I first became interested in Hannah when I read Clarissa Dickson Wright's History of English Food. Clarissa was a huge fan of Hannah's and felt that she had been sadly under-represented in food history. She even made a doco for the BBC a few years before she died about Hannah Glasse's influence on British cooking. The copy I have is from Nabu Public Domain Reprints which scans (mostly) old library books so there are pages missing or library stamps on them; and you can see the edges of the book on each page that was scanned. It is very charming, and certainly feels like you have picked up a dog-eared old copy though it is a recent reprint. It is presented in a very readable way; something that modern readers would recognise with a list of contents at the front and an alphabetical index at the back. It is set out clearly in titled chapters, and even though it doesn't provide a list of ingredients at the start of each recipe, it certainly gives a clear indication of what and when and how much. Alas, no pictures or drawings of the dishes! And very sadly there is no existing depiction of Hannah at all so we will just have to imagine how sprightly and smart she must have looked. She was 39 when the book was published which I suppose was quite old in those days.
There is certainly no namby-pambyness allowed here; if you are going to eat a food, you are going to catch it and cut off its head, take out its gizzards, crack its bones and slime its tenches! Hang on, what is that?! I think it means you actually de-slime it; i.e. wash off the slime from the fish- what, you didn't know that tench was a slippery fish and had to be de-slimed? Shame on you.
My fave recipe starts with -take the turtle out of the water the night before and lay it on its back, in the morning cut its head off and hang it up by its hind fins...to bleed out; cut the fins off, take off the scales and cut out the guts- well you get the picture. She did not ever say -first catch your hare -though that has been attributed to her and to Mrs Beeton and to Eliza Acton. There is some mention of casing (i.e. catching) a beast then dispatching it so you can see where that may have come from. I thought I would try one of her recipes to see how it stacks up in the 21st century; no not a beastly one just a simple dessert.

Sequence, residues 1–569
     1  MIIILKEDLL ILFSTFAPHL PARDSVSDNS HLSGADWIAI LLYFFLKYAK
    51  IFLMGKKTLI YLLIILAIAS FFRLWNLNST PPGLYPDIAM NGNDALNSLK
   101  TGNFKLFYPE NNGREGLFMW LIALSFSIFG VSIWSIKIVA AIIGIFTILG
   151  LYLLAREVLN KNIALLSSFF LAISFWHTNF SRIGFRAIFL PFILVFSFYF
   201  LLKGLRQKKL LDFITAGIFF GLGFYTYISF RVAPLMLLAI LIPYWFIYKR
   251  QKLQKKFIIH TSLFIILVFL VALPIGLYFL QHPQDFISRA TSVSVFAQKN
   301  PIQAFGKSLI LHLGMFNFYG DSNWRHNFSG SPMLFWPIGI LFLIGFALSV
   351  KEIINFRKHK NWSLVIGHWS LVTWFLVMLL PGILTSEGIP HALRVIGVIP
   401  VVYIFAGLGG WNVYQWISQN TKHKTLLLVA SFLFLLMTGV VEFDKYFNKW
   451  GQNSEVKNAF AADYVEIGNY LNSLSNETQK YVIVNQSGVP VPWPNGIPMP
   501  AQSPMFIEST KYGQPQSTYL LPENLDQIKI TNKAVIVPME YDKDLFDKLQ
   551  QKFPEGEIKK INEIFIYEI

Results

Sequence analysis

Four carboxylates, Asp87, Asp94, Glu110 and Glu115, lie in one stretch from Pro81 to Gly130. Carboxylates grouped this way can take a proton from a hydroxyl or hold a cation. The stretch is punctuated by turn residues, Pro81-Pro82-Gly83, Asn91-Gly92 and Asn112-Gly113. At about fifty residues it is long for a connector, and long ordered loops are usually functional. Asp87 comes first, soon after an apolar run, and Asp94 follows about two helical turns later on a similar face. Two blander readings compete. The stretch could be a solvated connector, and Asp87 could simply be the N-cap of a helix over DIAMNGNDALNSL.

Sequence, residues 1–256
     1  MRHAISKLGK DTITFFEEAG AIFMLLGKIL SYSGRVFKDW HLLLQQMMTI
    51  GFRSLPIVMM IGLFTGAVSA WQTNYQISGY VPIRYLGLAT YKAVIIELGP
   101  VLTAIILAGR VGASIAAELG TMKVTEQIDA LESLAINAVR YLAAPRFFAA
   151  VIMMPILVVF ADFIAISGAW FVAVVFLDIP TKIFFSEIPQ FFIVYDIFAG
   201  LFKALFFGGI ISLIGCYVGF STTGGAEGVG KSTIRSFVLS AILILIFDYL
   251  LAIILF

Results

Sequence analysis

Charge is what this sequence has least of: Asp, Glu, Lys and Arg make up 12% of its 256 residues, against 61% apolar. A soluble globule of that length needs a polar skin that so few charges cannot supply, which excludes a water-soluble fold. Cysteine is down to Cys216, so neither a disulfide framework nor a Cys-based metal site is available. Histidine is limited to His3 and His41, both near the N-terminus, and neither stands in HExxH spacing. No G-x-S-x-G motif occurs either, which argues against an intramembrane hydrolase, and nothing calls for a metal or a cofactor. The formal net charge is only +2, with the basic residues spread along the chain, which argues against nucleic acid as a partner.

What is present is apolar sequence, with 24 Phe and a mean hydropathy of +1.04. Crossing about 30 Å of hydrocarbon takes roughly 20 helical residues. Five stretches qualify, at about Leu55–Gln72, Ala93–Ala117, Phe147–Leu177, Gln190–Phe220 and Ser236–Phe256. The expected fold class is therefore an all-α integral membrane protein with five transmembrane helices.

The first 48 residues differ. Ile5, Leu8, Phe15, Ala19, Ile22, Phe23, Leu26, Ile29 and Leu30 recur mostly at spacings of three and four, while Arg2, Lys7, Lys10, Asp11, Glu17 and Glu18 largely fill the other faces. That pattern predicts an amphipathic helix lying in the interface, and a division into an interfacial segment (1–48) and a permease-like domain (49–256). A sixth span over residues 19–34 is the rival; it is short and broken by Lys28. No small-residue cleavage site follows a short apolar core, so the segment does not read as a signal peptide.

So here is my rendition of Orange Fool, which seems to be an orange version of a simple custard and quite delicious to boot!
6 oranges, juiced- it ended up being about 400mls (try blood oranges for a modern twist)
6 eggs well-beaten
568 mls of cream (a pint measure)
125g caster sugar
cinnamon and nutmeg to taste
Place all the ingredients in a medium saucepan and mix well together
Stir and keep stirring till it thickens- be prepared, this took 15 minutes!
Once thickened, take it off the heat - I recommend placing the pan into a sink of cold water
Throw in a knob of butter
Keep stirring till cold- and serve
|just like regular custard, you keep stirring till thickened-till the fingerline down the centre holds|
|a simple and easy recipe-just as advertised!|
I love this letter! What a smart gal she was. A bit like Jonathan Swift with his famous pamphlet A Modest Proposal which suggests that the children of the Irish poor are fattened up and fed to the rich land-owners thus solving more than one problem- i.e. too many children, not enough food and providing a healthy diet to the rich!